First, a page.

History of the OSU Seed Lab

It is hard to know what might have been in the mind and heart of Professor George Hyslop and others, when he started the Oregon State University Seed Laboratory in 1909 in a small room in the Agronomy wing of what was to become the Agriculture Hall. He started with a crank operated divider, a blower with airflow regulated by a screw valve and a few water-cooled germinators. Now, the OSU Seed Laboratory provides services to the seed industry in the US and around the world and is accredited by the International Seed Testing Association (ISTA).

purity-board ergovision
Purity testing with the traditional purity board in 1960. Purity testing with the Ergonomic Purity Station in 2009.

This was a time when there were very few seed laboratories in the nation and the Oregon Seed Industry was still in its infancy. When people talked about seeds in those days they were probably talking about wheat and potato seeds. Looking ahead to the next 100 years from that point in time, it would have been impossible to imagine the breadth, depth, and dynamism of the seed industry in Oregon and the nation. But they surely had a vision.

A hundred years later, Oregon is the leading grass seed supplier in the world and is known as the “grass seed capital of the world.” It ships seed across the country, Europe, Asia, and South America. Needless to say the OSU Seed Lab was not to watch the events from the fences; rather it worked shoulder to shoulder with its seed communities both in good and in difficult times. It made every possible effort to develop useful methods, organize educational services, and provide testing services to a dynamically growing agricultural community. After Seed Certification was established in 1918 and fully vested in 1937, the seed lab provided a testing service that is critical for certification tagging. Through the efforts of the Oregon Seed Growers League, the OSU Seed Lab moved to the Quonset Huts (brought in from what then was the Army military base ‘Camp Adair’) in 1945. In 1989, the seed lab moved again to its current modern building located on Campus Way. These changes made it possible to respond to the growing demand for testing and to accommodate newer and more modern equipment for testing.

quonset-hut seed-lab-today
The Quonset Hut was the lab's home for many years. Our current facility on Campus Way.

There are many contrasts between seed testing in 1909 and 2009. The laboratory started by providing purity and germination tests to its customers. Today, there are many more tests in various areas of seed quality to serve the needs of today's dynamic seed industry. In the purity area, the OSU Seed Lab offers regular purity testing for a wide range of crops and native species as well as US, Australian and Canadian crop and weed exams; noxious weed exams; pest and disease, soil, undesirable grass seed, and sod quality exams. The seed lab also offers testing to detect Orobanche species in red clover, and noxious weeds in compost, birdseed, and animal feed. Other tests include germination, viability by tetrazolium, fluorescence, grow-outs, seed moisture content, seed weight, vigor tests, ploidy by cytometry, immunoblot assay to detect endophyte in seeds, Clearfield® bioassay, varietal identification, and x-ray tests. In addition, special seed testing studies, research, and consultation are available based on customer needs.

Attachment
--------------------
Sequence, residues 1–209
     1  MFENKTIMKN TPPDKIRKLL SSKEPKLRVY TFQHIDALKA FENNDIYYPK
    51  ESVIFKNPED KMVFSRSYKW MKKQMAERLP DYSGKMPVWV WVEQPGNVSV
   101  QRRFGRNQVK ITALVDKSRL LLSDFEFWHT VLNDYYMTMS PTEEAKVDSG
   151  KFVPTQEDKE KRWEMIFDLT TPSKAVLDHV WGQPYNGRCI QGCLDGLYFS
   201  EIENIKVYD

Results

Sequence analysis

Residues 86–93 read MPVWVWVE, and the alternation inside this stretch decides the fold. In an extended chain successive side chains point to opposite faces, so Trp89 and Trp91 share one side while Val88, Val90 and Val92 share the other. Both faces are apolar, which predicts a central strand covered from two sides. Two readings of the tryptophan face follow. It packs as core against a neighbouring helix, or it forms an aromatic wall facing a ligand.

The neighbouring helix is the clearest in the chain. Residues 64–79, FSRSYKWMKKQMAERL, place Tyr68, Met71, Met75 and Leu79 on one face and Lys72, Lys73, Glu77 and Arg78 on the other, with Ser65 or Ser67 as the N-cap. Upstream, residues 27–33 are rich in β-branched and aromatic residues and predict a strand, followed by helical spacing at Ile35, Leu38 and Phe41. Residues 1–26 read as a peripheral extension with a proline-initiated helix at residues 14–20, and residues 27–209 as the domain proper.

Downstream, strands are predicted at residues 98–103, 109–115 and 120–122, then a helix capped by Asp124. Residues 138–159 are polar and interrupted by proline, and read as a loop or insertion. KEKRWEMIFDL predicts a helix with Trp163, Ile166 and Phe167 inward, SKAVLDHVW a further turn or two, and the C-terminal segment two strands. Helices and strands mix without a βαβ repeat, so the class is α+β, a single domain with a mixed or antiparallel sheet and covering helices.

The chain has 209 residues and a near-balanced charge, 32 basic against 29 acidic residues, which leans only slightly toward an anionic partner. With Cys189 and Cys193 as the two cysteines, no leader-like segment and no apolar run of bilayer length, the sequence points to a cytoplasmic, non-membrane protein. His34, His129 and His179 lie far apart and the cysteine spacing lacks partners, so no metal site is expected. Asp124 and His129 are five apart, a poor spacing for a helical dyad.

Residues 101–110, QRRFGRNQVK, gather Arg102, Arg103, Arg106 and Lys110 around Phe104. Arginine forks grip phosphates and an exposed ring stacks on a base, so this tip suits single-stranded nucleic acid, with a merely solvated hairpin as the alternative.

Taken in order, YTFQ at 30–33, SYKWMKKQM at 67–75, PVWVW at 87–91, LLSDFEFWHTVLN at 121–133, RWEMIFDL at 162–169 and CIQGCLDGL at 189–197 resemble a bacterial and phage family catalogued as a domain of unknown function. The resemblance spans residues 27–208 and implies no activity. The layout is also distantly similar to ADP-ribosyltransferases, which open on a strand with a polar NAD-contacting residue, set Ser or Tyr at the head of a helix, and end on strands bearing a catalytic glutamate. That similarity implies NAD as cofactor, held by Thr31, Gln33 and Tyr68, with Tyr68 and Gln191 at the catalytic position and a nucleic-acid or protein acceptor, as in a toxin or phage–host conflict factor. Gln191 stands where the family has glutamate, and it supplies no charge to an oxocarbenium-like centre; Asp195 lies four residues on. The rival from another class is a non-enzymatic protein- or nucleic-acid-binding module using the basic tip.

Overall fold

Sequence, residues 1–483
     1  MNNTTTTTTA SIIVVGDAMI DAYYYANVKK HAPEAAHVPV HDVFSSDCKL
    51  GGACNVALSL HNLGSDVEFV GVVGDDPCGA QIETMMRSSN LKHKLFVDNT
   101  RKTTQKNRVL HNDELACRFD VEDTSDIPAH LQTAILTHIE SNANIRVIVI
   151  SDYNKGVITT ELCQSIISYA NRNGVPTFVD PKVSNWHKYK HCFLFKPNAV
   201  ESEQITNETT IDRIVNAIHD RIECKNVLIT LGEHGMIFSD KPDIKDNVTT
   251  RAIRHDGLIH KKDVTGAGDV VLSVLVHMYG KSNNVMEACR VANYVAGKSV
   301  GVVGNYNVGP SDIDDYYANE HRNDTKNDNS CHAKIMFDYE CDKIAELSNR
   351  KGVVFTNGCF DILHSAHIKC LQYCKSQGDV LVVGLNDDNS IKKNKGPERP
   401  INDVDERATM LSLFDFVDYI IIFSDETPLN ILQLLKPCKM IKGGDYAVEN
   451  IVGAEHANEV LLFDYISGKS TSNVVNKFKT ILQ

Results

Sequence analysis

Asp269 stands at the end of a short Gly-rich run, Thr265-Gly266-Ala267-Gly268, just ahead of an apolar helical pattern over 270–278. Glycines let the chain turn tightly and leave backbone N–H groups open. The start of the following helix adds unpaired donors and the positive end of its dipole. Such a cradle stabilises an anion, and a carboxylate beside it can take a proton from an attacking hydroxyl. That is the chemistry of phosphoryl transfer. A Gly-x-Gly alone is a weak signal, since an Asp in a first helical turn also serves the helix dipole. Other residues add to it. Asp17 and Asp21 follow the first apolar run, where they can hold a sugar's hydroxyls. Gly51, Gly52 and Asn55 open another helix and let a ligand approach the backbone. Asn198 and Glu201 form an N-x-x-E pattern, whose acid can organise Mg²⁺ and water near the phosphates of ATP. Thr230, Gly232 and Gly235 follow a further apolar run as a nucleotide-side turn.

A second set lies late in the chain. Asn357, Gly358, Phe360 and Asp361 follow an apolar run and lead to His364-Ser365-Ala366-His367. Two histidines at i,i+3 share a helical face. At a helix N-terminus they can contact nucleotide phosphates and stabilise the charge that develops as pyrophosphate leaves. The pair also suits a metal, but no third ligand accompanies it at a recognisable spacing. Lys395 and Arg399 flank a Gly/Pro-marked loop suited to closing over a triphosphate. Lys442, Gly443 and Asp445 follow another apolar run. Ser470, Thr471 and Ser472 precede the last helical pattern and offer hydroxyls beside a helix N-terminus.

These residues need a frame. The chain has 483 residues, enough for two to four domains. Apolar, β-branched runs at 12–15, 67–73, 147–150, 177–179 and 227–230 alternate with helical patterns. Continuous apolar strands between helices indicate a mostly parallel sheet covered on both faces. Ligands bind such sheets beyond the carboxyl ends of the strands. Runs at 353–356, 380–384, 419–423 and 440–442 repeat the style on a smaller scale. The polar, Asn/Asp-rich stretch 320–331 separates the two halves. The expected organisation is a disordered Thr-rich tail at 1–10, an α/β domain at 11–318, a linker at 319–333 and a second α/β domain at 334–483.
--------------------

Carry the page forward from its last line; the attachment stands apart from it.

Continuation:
old-germination ryegrass-germinator
 Germination facilities in 1960. Climate controlled chambers in 2009.

Some of the highlights and anecdotes from the OSU Seed Lab’s history

Highly committed people led this lab to become one of the leading labs in the nation. They were Norma Waddle (1910-17), Grace M. Cole (1917-19), Agnes Ryder (1919-22), Bertha C. Hite (1922-29), Leatha D. Bunting (1929-30), Grace Cole Fleischman (1930-38), Louisa Kanipe Jensen (1938-68), Ed Hardin (1968-80), Rodger Danielson (1980-96) and Adriel Garay (1997 to present).

These contributions would not have been possible without the support from a broad community. These include seed growers, seed cleaners, seed dealers that trust this lab to test their samples; the agricultural community and other seed users who used our test reports to determine the quality of seed they were planting; the seed laboratory communities who worked with us shoulder to shoulder; the scientists and professionals who challenged and stimulated new concepts and methods. Finally, thanks to all the analysts who provide tender loving care and dedicated attention to each and every sample tested.

I am humbled and honored to be the one to bring this lab to its 100 years.

Sincerely,
Adriel Garay, Ph.D., Lab Manager